I loved Denver – she was just my type. In appearances, the mountains glistened, the city sprawled, the old became new. In personality, there were a thousand places to go, … Continue reading Life out of season
Like I told them, I’m really good at being single.
“I can’t leave this,” I tell myself. “I’m too afraid. This isn’t fun, but it’s comfortable. This isn’t right, but at least I know where I’m sleeping and how to get around. I’m afraid to go again. I should stay where it’s safe.”
At twenty-five, I’m starting to see my peers as adults. We’re no longer floundering around, renting our first apartments, burning our first meals, ignoring the squeals on our brakes until … Continue reading impostor syndrome
A friend recently told me that they only ask questions if it pertains to who a person is right now.
“I want to know who you are, not who you were.”
Not going to lie, my brow furrowed.
I see a strong vein of truth that I agree with, but almost equally powerfully disagree.
I am who I am because of who I was.
A conversation here, a crazy night there, a struggle, a triumph, a journey, a moment.
To only want to know a person in this present moment is to lose the rich tapestry of being alive.
The past gives depth. The future gives growth. The present moment is only a snapshot. I would not be who I am if it were not for the experiences that led me to this moment. I am on a trajectory for tomorrow because of where I am today.
You are always told to live in the present: YOLO, carpe diem, all that.
The present is a beautiful thing. Time is a beautiful thing. But to only know one part, be it any part of their timeline, is to miss the true beauty.
This present moment is a kaleidoscope of memories and dreams, taking a deep breath to appreciate a thousand coincidences and questions that drove you to right here.
This present moment is full of opinions and beliefs that are wildly different from the past – but why? When I meet someone, I don’t just want to know that you agree with me, I want to know why. What led you to be the person you are today?
There’s a story.
A beginning, a middle, and an end.
I want to know you, who you are today. But I want to know where you’ve been and where you are going. I want to know why you justify some things, why you forgive others, what causes triggers and emotions to flare. I want to know what makes you you.
Those answers rarely are found in the present moment.
They grow, they develop, they change.
If I want to know you, I want to know why.
I want you to be genuine.
I want the intimacy that comes with revealing.
I want to share in your joy and laughter, your heartache and pain.
I want to know the past, dream of the future, and have it all come back to this present moment.
I was surprised at how relieved I felt when I got closer and realized that this angel, too, was not who I was searching for.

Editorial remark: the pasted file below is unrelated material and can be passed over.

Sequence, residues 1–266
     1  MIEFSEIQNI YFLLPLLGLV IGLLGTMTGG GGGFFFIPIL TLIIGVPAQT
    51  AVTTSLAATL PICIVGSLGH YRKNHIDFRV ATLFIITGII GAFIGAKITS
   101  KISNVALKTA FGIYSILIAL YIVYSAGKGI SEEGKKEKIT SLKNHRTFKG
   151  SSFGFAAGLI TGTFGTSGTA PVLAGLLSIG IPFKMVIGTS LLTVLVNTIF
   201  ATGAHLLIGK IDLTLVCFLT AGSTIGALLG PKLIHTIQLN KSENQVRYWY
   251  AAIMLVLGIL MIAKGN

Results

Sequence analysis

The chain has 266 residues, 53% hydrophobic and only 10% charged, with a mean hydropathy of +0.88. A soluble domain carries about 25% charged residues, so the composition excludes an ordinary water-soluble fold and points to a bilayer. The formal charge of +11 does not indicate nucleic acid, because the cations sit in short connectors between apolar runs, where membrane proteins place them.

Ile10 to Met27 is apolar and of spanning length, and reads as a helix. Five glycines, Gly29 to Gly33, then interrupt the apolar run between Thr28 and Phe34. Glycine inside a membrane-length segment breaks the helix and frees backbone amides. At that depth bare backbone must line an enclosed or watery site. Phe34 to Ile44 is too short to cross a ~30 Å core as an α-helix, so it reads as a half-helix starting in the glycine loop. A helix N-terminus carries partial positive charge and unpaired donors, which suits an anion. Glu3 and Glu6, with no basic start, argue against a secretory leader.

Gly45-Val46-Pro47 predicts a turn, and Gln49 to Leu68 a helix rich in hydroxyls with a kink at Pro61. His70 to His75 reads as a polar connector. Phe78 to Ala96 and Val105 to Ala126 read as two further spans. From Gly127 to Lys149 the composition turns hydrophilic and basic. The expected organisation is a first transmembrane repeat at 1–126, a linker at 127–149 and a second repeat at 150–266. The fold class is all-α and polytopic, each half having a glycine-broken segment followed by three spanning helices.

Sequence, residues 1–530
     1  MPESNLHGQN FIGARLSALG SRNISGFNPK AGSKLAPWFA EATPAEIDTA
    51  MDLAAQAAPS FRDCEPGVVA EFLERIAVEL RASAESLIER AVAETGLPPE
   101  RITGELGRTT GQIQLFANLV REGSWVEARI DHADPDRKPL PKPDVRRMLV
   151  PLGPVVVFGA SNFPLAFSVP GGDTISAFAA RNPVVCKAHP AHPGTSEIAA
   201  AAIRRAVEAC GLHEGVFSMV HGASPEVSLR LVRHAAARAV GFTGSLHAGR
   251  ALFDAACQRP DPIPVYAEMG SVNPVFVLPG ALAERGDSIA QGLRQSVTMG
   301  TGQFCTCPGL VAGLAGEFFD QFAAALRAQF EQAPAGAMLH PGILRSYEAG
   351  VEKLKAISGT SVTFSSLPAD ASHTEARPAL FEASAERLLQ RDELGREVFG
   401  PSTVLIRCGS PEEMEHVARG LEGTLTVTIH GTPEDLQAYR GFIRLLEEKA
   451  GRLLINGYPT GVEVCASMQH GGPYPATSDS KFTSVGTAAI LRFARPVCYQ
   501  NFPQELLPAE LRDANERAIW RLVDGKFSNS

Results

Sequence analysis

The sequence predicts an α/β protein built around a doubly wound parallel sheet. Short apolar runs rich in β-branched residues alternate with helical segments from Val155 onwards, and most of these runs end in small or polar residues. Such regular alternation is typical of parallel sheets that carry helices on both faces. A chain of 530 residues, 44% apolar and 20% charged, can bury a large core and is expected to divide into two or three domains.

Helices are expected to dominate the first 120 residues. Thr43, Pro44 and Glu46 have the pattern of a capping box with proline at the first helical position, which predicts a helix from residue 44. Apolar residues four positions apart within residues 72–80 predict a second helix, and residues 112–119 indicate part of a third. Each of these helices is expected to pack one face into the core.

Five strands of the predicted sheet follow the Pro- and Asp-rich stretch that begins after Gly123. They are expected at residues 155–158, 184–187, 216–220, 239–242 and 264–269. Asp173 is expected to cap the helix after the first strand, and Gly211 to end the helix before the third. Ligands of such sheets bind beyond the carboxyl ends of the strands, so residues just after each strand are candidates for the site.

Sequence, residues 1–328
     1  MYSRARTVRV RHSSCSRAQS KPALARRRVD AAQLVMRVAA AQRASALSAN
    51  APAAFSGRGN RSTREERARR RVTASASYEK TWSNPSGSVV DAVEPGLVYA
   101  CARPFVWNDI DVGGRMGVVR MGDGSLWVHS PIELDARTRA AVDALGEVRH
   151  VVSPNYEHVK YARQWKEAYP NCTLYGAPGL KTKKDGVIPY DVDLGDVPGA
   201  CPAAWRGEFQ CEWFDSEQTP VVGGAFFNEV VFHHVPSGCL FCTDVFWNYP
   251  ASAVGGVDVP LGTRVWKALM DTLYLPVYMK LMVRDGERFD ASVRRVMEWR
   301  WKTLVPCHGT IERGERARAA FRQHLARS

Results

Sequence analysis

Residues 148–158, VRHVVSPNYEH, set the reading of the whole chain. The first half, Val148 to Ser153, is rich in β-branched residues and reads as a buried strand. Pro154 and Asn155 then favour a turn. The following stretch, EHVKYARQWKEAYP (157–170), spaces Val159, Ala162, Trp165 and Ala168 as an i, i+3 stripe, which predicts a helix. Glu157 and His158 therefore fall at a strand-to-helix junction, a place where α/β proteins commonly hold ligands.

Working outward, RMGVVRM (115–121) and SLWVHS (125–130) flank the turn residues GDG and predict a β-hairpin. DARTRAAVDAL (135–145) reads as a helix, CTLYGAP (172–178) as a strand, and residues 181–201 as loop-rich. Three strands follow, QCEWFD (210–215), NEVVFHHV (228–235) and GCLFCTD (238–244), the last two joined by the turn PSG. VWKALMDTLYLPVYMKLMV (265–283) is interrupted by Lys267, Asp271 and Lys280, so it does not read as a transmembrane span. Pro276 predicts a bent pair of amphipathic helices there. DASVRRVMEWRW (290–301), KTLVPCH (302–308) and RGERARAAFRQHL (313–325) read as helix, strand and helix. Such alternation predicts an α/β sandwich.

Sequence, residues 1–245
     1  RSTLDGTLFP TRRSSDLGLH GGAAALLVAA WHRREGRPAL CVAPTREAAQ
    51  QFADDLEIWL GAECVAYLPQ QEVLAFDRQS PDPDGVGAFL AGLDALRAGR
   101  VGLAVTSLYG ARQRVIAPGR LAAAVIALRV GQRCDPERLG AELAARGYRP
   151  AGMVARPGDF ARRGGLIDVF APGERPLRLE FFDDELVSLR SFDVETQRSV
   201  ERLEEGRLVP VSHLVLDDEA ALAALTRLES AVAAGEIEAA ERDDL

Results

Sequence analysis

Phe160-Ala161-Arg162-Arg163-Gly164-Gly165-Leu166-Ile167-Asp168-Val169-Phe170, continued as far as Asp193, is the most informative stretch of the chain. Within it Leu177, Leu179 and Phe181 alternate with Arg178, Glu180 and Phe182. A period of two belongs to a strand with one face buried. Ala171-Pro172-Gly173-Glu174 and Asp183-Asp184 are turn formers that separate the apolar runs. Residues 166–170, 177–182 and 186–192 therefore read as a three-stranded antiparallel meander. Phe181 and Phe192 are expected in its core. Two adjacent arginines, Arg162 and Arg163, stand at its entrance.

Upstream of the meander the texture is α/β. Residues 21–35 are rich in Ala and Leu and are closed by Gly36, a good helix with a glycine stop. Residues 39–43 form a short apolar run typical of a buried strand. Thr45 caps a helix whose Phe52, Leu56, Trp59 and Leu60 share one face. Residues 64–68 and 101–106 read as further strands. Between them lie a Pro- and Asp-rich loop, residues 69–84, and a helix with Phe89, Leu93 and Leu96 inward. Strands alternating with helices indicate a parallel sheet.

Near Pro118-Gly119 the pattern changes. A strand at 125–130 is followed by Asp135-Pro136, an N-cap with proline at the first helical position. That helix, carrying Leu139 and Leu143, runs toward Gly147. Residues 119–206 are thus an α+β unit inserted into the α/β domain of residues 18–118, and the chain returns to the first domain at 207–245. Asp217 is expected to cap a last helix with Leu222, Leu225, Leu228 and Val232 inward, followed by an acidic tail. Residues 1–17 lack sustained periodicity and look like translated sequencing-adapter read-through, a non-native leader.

“All you Americans think is Australia is so dangerous! That we’re all kangaroos and poisonous spiders!”
I currently live behind our local variation of Kroger’s, so rather than doing a big shopping trip once a month or so, I’ll go whenever I need something. Being me, … Continue reading with cool weather comes scarves
Sometimes, life hurts like hell.
I’ve thought a lot about invisibility today.
I went to the bank, frustrated by a ridiculously large deposit required when I tried to sign up for a cell phone plan. They told me that because I’ve never had a loan or a credit card solely attached to my name, I have no credit. Years of paying rent, paying bills, never buying anything I couldn’t afford, means nothing – it only counts against you, not for you. I went through three layers of identity theft protection, with the last woman finally apologizing to me. “We can’t sign you up for anything, because even though you’ve verified your name, birthday, address, and full social security number, we can’t find you.” I don’t exist, according to my bank. I’m invisible.
A few hours later, I spotted a boy across the street who I’d had a bad run in with a few years back. I very recently cut my hair into a pixie cut and have had friends not recognize me. Wearing sunglasses, I walked past the boy. He looked straight at me and straight through me. I was invisible.
I continued on my way to meet with my therapist. I started seeing her months ago as I wrestled with depression, lost in my own head, apathetic to the world around me. In the world, but not a part of it. Surviving, not thriving. People passing me by, accepting platitudes of “I’m fine.” In a highly visible position, but floating on by. Invisible.Invisibility.I could run away.I can hide.I can be lost.In a world so technologically connected, it would be easy to pull the plug. Vanish from social media. With people so wrapped up in their own lives, tell your physical friends you’re moving one place and disappear elsewhere. Invisible. Fresh, new, clean. The scary part, though, is trying to be seen again.Because that is far, far harder than being invisible.